Last Friday I saw A Raisin in the Sun directed by Robert O’Hara at the Public Theater in New York City. A new friend, Tanaïs (who won the Kirkus Prize in nonfiction this week for her gorgeous book, In Sensorium: Notes for My People), had invited me, and in a bit of kismet, I was also asked by the Lorraine Hansberry Initiative to participate in a talkback with filmmaker Tracy Heather Strain after the show.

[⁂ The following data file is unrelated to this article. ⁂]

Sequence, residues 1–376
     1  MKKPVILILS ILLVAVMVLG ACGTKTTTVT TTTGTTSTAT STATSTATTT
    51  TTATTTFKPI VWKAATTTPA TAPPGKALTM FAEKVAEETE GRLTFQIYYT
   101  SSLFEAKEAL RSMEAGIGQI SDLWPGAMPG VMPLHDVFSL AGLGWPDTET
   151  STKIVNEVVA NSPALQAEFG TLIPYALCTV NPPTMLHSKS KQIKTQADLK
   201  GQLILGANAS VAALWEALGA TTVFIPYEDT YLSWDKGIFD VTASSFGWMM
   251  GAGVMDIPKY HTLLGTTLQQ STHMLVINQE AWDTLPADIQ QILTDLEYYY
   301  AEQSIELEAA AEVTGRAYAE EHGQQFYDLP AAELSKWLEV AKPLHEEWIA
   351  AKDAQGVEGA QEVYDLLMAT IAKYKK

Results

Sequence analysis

Because I wrote a biography of its author, Lorraine Hansberry, A Raisin in the Sun holds a special place in my heart, of course. But I was not expecting to be so deeply moved by this version of the play. It is the closest to Lorraine’s vision that I have ever seen. The actors sound right, in tone and cadence, for the South Side of Chicago setting. I would learn afterward that the cast is almost entirely composed of midwesterners. The staging is a cramped kitchenette apartment, showing wear and decay. The actors frequently speak simultaneously, giving a feeling of urgency and authenticity—families talk over each other. And nerves, desire, and rage are captured with the subtlety of stances, curling cigarette smoke, and gentle caresses. It is simply breathtaking.